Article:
Additional Items o o o Prescription medications and glasses Infant formula and diapers Pet food, extra water, pet supplies, toys and vaccination forms. More information can be found here Important family documents such as copies of insurance policies, identification and bank account records in a waterproof, portable container Cash or traveler’s checks and change Emergency reference material such as a first aid book or information from Ready America Sleeping bag or warm blanket for each person. Consider adding bedding in cold weather. Complete change of clothing. Include a long sleeved shirt, long pants and sturdy shoes. Consider adding clothing in cold weather. Household chlorine bleach and medicine dropper Fire extinguisher Matches in a waterproof container Feminine supplies and personal hygiene items Mess kits, paper cups, plates, plastic utensils, paper towels Books, games, puzzles or other activities for children Paper and pencil

2009 Flood Stats:
8 Deaths 9 flood records were broken, which dated as far back as 1919 Some areas of the state received 20” of rain in 24 hours. The Dog River in Douglas County flowed at 448,000 gallons per second.

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Officer W. Furman The Dunwoody Police Explorers have been extremely active that past few months. Below are some updates on their activities: Curb Painting: Due to the uncooperative weather, we have only been able to paint 20+ curb numbers. We have added more days during the week to try to catch up. If you have requested your curb number painted, you are still on the list, we are trying to get to everyone. Fall Festival: The Explorers assisted the Dunwoody Rotary Club with their BBQ tent during the festival. Again, the weather played a factor in the turn out. We want to thank everyone that braved the elements to show up and meet our Explorers. Safety Check: The Explorers assisted the Dunwoody Police and Dekalb Police Departments in a driver safety check that was conducted on the P.I.B. access road. The safety check resulted in 2 D.U.I. arrests, 3 suspended license arrests, 42 unlicensed driver arrests and 16 other citations issued (non arrests). The Explorers assisted in processing vehicles for impounds and completing basic paperwork. Competition: The Explorers attended their first competition, The Metro Atlanta Championship of Explorers on October 17 in Austell Georgia. The Explorers competed in 6 scenarios, including: burglary in progress, domestic disturbance, unknown trouble call, crime scene processing, unknown risk traffic stop, and high risk warrant service. Having only trained together for less than 3 months, the Explorers did not bring home any trophies, but did remarkably well, finishing in the top 12. I received several comments from judges and role players about the level of professionalism and discipline of our Explorers. They competed against 14 other teams from around metro Atlanta. The overall st nd 1 and 2 place went to the Cobb County Explorers, with the Alpharetta rd Explorers taking home the overall 3 place. The next competition is the State Championship which will be held in May 2010. The Explorers will be training hard over the next 7 months for this event. Explorer Banquet: The Learning for st Life Atlanta Council held their 1 Annual Explorer recognition banquet on November 21. Several of the Dunwoody Explorers, along with their parents, were able to attend. I was fortunate enough to be asked to present the Learning for Life Leadership Awards. One of the recipients was our own Dekalb Fire Chief Seth Garcia. Chief Garcia has created one of the largest, and most successful, fire exploring posts in the state. I want to thank all of the Explorers and parents that attended the banquet.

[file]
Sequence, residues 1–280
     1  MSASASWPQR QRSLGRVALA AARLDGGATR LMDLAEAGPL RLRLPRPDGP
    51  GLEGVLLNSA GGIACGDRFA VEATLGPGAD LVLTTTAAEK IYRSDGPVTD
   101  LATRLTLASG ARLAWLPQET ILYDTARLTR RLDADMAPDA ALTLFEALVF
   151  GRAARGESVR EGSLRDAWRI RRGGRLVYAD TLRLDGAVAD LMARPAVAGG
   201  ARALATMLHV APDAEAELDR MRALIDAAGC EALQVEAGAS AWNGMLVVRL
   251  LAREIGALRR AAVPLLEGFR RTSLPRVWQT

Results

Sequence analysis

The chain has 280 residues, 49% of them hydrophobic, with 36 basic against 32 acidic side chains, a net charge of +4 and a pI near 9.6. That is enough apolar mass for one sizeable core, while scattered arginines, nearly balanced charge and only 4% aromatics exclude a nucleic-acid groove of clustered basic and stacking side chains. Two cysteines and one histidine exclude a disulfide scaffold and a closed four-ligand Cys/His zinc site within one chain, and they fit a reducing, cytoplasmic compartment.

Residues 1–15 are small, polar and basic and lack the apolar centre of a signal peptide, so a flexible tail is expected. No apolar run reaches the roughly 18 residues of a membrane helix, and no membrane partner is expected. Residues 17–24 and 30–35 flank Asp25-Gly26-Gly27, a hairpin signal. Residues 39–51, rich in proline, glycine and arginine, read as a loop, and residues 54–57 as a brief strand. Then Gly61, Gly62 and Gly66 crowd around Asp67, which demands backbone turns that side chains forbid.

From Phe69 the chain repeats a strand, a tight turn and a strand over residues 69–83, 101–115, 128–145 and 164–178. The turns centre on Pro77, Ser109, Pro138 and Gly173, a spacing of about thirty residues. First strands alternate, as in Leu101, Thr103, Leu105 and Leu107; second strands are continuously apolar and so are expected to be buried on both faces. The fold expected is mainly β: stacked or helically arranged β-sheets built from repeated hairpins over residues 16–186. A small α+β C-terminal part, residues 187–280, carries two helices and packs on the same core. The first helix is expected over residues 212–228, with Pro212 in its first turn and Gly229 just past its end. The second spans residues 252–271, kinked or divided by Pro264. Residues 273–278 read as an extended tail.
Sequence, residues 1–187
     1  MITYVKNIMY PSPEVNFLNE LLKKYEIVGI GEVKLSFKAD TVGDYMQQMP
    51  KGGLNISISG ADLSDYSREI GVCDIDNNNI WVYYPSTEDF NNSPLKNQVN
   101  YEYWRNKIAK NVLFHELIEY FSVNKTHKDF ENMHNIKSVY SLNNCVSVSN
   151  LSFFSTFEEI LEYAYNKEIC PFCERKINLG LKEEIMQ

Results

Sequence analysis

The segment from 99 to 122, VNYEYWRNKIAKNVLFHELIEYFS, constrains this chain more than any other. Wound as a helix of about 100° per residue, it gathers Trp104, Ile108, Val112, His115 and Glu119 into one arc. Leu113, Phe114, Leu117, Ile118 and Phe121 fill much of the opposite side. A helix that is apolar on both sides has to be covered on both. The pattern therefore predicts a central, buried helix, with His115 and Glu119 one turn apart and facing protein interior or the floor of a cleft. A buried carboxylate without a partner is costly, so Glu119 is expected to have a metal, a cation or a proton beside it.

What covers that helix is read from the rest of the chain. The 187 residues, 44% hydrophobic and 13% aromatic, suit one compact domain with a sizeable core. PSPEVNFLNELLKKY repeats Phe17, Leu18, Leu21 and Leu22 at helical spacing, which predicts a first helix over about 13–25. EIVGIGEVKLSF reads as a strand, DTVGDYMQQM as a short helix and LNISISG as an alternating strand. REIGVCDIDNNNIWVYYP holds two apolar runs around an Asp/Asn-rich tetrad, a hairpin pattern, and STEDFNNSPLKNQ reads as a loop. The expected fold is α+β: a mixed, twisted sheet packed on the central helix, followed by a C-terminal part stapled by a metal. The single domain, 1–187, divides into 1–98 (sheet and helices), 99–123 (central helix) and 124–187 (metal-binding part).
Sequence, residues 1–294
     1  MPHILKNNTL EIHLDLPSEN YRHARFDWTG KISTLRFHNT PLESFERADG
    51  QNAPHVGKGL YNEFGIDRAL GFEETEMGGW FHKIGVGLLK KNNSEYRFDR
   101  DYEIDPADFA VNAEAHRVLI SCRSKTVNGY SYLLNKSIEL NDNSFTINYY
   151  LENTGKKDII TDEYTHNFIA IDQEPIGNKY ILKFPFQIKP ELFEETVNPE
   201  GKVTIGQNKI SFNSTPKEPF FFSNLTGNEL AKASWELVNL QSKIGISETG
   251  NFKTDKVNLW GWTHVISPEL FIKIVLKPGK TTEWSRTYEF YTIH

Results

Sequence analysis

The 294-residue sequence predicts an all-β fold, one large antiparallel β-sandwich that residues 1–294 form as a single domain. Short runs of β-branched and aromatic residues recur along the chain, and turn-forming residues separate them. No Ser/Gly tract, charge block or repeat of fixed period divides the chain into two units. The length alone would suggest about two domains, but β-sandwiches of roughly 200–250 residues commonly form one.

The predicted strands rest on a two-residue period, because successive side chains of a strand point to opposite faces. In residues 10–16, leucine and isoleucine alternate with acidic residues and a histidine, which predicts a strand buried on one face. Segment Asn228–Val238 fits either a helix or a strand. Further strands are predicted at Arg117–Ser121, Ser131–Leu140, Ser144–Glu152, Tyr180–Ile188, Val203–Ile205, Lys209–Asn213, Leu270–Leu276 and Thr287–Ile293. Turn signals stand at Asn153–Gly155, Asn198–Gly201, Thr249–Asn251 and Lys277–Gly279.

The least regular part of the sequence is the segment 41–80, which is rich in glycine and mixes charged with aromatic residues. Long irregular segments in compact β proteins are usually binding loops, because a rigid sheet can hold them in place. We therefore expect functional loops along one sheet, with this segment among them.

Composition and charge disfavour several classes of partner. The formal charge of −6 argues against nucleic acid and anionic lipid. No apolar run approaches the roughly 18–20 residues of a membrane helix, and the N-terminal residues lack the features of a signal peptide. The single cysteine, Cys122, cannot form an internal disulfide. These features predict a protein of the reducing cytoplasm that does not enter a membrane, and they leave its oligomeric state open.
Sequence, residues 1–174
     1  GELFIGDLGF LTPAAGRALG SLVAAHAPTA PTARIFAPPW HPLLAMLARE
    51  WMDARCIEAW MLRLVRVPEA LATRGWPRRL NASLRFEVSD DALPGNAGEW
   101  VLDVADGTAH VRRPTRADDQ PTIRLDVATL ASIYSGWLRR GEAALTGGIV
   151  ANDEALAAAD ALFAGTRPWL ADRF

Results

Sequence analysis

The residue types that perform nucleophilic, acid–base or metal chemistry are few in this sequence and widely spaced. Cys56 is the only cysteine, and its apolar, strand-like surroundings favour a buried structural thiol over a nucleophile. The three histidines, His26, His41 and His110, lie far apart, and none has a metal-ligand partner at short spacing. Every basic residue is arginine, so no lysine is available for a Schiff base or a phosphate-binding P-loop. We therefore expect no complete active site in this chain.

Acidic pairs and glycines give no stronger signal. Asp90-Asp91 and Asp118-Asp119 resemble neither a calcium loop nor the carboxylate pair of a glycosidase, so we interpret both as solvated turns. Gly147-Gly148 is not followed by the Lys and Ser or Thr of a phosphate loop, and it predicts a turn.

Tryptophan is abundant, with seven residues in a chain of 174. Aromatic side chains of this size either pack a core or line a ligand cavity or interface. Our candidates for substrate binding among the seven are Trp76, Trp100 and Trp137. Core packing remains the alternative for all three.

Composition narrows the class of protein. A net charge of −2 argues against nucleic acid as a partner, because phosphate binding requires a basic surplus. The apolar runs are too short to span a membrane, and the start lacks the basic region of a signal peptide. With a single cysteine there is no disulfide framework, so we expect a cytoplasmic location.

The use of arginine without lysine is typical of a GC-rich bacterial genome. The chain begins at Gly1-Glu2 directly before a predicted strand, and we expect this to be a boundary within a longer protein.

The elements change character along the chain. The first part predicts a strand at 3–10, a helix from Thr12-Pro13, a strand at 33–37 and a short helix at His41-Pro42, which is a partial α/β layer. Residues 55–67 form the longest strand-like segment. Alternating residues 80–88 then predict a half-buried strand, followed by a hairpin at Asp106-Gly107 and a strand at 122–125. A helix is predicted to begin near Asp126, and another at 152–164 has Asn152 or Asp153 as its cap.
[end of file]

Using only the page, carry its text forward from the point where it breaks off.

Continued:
Unknown Risk Traffic Stop

Crime Scene Processing

1 Annual Exploring Recognition Banquet


Briefing before Domestic Dispute